Published: 00:01, 31 October 2018
| Updated: 11:24, 31 October 2018
A mum-of-two is turning her pumpkins blue for Halloween as part of a push to make trick-or-treating safer for children with allergies.
Zoe Williams, a food allergy blogger from Littlebourne, wants the Teal Pumpkin Project to catch on in the hope other parts of Canterbury will turn blue on October 31.
Launched in the US in 2014 and the UK two years later, the campaign aims to make the spooky holiday fun for everyone and to make sure no youngsters miss out.
Scroll down for audio.
Former teacher Mrs Williams says she was inspired to get involved after seeing her daughters, Kayleigh, seven, and Ellie, four, miss out due to their food intolerances and allergies.
"In the past when they've gone out trick or treating, they get back and I have to read every packet to make sure there are no allergens and usually I have to take half of it away and swap it with something else," she said.
"With the Teal Pumpkin Projects it's quite simple; you buy non-food treats like pencils, balloons, stickers or bubbles - inexpensive things you find in a party bag - and food treats with no allergens, paint a pumpkin teal and put it in your window.
"That way people with children with allergies know they can come to you.
"It's a really good way to raise awareness and it means that kids with celiac, diabetes and allergies can get involved.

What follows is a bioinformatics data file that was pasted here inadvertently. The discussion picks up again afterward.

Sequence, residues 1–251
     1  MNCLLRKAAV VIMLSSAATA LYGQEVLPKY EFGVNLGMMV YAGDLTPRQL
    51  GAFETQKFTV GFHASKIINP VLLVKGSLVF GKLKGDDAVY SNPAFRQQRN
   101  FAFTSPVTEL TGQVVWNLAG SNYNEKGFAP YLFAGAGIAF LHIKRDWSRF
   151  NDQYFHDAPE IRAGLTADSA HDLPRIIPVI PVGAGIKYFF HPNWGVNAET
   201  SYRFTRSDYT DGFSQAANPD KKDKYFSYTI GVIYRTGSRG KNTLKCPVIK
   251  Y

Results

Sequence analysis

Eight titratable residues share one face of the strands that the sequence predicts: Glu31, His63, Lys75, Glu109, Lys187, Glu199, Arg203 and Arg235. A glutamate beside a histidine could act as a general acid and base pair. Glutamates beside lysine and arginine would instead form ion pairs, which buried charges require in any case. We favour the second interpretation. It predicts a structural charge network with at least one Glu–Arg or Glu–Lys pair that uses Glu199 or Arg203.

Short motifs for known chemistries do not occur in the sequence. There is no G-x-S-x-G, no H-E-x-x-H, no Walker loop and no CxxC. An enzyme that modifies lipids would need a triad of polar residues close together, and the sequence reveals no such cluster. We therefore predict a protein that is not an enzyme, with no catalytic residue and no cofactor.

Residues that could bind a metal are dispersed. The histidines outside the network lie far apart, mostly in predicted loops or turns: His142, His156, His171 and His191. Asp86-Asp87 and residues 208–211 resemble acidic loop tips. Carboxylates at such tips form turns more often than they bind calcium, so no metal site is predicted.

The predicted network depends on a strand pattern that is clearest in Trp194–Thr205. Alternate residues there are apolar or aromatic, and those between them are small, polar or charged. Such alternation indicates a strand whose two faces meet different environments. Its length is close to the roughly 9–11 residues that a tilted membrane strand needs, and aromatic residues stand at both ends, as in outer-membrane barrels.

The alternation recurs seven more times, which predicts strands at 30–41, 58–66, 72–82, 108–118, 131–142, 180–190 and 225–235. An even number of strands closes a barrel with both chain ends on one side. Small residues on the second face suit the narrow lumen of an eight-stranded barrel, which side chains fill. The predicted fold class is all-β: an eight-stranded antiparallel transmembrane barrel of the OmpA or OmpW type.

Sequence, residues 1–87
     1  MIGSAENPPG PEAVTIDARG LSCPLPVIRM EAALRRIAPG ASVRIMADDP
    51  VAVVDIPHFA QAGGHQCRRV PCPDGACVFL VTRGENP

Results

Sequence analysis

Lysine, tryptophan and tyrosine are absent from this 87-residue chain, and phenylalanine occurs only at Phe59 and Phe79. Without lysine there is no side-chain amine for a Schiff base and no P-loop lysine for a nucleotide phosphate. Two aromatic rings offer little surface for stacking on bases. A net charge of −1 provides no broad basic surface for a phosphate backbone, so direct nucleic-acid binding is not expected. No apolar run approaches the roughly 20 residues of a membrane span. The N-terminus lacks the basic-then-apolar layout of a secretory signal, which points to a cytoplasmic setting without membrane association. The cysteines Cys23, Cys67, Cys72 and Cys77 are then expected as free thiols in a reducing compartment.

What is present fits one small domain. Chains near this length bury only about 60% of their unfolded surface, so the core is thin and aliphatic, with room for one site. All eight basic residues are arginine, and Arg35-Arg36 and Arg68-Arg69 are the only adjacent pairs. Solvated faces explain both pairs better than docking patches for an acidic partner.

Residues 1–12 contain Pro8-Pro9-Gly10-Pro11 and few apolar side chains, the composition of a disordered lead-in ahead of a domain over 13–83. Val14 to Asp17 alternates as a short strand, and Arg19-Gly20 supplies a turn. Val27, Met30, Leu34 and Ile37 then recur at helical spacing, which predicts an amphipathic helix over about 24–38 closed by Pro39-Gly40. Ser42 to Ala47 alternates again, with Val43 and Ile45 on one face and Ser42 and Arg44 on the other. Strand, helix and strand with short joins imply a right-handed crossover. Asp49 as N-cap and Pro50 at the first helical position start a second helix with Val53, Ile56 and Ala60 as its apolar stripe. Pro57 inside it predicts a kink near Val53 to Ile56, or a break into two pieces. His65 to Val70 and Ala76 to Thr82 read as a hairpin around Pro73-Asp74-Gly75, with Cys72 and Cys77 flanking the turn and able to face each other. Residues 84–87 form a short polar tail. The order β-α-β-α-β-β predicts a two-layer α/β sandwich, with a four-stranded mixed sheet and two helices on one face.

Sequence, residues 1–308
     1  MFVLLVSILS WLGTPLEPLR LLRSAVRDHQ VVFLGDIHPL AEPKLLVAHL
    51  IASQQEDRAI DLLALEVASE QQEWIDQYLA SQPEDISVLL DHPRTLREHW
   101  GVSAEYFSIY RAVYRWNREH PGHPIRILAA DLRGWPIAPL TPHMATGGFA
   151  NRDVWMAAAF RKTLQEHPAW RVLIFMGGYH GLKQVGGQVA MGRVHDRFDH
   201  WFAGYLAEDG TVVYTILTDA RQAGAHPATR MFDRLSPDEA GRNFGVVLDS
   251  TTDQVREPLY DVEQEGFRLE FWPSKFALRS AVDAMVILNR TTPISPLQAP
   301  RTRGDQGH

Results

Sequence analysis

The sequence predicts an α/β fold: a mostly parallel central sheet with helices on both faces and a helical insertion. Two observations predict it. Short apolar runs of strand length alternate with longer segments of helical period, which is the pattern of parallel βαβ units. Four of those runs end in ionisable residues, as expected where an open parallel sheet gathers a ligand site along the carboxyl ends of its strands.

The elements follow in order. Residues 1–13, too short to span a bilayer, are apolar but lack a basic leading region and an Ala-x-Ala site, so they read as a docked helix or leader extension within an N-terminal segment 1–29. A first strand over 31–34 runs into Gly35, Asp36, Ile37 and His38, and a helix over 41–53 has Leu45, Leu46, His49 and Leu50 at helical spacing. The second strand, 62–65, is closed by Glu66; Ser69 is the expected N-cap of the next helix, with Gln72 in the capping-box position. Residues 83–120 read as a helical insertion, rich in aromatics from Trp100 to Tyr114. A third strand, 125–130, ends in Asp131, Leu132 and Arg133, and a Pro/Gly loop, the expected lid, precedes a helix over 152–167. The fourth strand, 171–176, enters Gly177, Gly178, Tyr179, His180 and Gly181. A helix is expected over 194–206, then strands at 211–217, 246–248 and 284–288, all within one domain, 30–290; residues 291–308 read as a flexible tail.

"It makes me sad that some children get left out - social exclusion is a big issue for those with allergies because they often can't join in activities with their friends."
Mrs Williams, who lives in The Elders with her daughters and software developer husband Chris, says one in 13 children in the UK suffer from a diagnosed food allergy and the number is increasing rapidly.
"This is equivalent to about two in every school classroom," she said.
The 36-year-old, who launched her blog My Allergy Kitchen in January to provide information to others in her situation, says allergic reactions can range from mild to life-threatening.
In August, Sadie Bristow, nine, from Chartham, died after suffering an allergic reaction.
The talented tennis player, who had a dairy intolerance, went into anaphylactic shock and was rushed to St George’s Hospital in London, but despite the efforts of doctors, she did not recover.
"It's really shocking when you hear things like this and shows how serious it can be," said Mrs Williams.